The Cooper Institute

Founded in 1970 by the "Father of Aerobics"
Kenneth H. Cooper MD, MPH


Can Aerobic Fitness Prevent Dementia? CCLS Study Examines the Connection

Posted in

Friday, Jun 28, 2019

As the average life expectancy of U.S. adults continues to increase, dementia has come to the forefront of public health issues. The most common form of dementia is Alzheimer’s, which is now the 6th leading cause of death in the U.S.  

Nearly 6 million Americans are living with Alzheimer’s and dementia, and their healthcare costs are projected to cost over $290 billion in 2019 - a number that could rise to over $1 trillion by 2050.

The World Health Organization (WHO) recently released guidelines for the prevention of cognitive decline and dementia. These guidelines are similar to those for cardiovascular disease and cancer prevention. More specifically, the WHO recommends avoiding tobacco and heavy alcohol use, increasing physical activity, managing blood pressure, striving for or maintaining healthy body weight, and eating a healthy diet such as the Mediterranean Diet.

One promising area in the prevention of dementia is the impact of cardiorespiratory fitness (aka aerobic fitness). The Cooper Institute research team, led by CEO and Chief Science Officer Dr. Laura DeFina, looked at the relationship between aerobic fitness and the later risk of dementia in a paper published in 2013 from the Cooper Center Longitudinal Study (CCLS). 

The CCLS study looked at over 19,000 healthy men and women around 50 years old who were given a comprehensive physical examination at the Cooper Clinic. During this baseline exam, patients took a maximal treadmill exercise test to assess their aerobic fitness level. Patients were then divided into five categories of fitness based on age and gender. During an average follow-up period of 24 years, nearly 1700 cases of dementia were diagnosed after cross-referencing with Medicare data. 

People with high levels of fitness are 36% less likely to develop dementia.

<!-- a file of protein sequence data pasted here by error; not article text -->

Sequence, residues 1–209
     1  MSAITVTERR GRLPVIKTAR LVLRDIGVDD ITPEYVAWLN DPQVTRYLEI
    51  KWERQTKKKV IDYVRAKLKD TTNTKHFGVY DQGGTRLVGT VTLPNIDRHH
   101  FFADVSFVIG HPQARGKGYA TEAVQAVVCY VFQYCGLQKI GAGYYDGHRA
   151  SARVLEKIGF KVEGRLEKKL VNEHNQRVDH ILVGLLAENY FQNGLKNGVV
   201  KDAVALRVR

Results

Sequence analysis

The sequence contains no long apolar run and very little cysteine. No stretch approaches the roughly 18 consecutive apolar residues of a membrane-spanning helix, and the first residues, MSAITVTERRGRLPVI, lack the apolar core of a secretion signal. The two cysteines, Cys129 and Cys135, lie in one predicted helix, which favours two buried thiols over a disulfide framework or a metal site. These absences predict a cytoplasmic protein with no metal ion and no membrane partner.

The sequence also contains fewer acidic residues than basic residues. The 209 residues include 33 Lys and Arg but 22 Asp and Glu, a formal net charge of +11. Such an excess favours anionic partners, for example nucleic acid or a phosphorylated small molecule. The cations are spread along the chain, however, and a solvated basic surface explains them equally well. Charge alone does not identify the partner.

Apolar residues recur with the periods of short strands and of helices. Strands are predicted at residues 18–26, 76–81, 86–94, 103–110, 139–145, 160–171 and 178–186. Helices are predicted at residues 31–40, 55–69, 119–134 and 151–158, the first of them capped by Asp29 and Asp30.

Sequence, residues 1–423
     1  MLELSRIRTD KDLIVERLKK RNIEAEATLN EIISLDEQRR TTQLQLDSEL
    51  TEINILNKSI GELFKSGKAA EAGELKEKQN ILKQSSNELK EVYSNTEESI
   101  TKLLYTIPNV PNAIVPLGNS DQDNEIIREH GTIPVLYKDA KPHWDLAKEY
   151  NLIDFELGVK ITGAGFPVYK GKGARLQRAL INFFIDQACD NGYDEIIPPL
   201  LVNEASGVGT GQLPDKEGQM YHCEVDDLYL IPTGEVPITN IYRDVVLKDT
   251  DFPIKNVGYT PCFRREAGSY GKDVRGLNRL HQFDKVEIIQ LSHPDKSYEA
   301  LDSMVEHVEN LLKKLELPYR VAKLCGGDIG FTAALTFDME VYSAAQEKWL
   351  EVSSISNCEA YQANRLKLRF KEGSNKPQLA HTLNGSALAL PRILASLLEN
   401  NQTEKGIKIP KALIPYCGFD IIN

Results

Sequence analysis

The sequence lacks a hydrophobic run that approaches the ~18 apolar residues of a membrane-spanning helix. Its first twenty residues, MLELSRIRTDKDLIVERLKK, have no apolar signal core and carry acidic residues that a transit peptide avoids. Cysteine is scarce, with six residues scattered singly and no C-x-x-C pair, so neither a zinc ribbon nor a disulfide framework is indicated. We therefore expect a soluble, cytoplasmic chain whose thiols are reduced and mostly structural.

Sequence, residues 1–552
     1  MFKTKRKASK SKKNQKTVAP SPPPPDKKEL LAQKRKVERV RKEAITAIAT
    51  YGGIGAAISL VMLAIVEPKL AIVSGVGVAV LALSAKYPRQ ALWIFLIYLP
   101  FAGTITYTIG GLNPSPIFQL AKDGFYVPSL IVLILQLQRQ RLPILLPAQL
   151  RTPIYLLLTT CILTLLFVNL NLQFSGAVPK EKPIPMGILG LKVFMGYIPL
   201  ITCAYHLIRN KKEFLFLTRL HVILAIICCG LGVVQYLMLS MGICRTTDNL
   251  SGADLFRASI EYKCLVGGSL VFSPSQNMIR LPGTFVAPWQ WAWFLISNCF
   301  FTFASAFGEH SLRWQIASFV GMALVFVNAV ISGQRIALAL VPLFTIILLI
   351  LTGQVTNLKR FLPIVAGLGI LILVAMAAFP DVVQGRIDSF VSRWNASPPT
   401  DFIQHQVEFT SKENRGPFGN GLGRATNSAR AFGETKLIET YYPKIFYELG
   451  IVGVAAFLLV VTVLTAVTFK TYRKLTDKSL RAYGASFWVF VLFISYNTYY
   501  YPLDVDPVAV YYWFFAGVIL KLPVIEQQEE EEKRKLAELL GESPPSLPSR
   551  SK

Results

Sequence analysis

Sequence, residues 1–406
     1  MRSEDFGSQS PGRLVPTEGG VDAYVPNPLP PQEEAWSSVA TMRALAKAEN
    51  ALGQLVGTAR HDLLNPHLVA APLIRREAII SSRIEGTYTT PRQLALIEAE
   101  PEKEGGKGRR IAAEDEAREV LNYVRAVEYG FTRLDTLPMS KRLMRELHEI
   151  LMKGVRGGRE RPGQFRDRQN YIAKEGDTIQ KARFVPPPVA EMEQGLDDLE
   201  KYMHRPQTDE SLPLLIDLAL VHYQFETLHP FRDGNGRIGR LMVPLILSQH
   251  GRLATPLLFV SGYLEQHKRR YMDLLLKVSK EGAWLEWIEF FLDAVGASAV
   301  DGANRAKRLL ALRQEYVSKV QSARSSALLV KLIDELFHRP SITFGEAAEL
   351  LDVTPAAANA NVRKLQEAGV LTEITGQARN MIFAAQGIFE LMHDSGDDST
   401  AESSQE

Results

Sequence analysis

What the team found was that as baseline levels of cardiorespiratory fitness increased, the risk of developing dementia decreased. In fact, men and women in the highest fitness category at baseline were 36% less likely to develop dementia during the follow-up compared to men and women in the lowest fitness category. 

The study also looked at how cardiorespiratory fitness might protect against the development of dementia. For example, people with higher levels of aerobic fitness are less likely to develop hypertension and diabetes, both of which are risk factors for dementia. Higher fitness levels also seem to be associated with preservation of brain mass as we age. The authors emphasized the need for more studies on how brain structure and function are affected by physical activity and aerobic fitness in our middle-age years. 

In the meantime, all adults are urged to meet the public health guidelines for physical activity. The guidelines call for a minimum of 150 minutes per week of moderate-intensity aerobic activity, as well as a minimum of 2 days per week of strength training. The evidence seems to be clear - exercise is the best preventive medicine if we want to live #WELLintothefuture. 


DeFina, L.F., Willis, B.L., Radford, N.B., Gao, A., Leonard, D., Haskell, W.L., Weiner, M.G., Berry, J.D. (2013).  The association between midlife cardiorespiratory fitness levels and later-life dementia.  Annals of Internal Medicine, 158:162-168.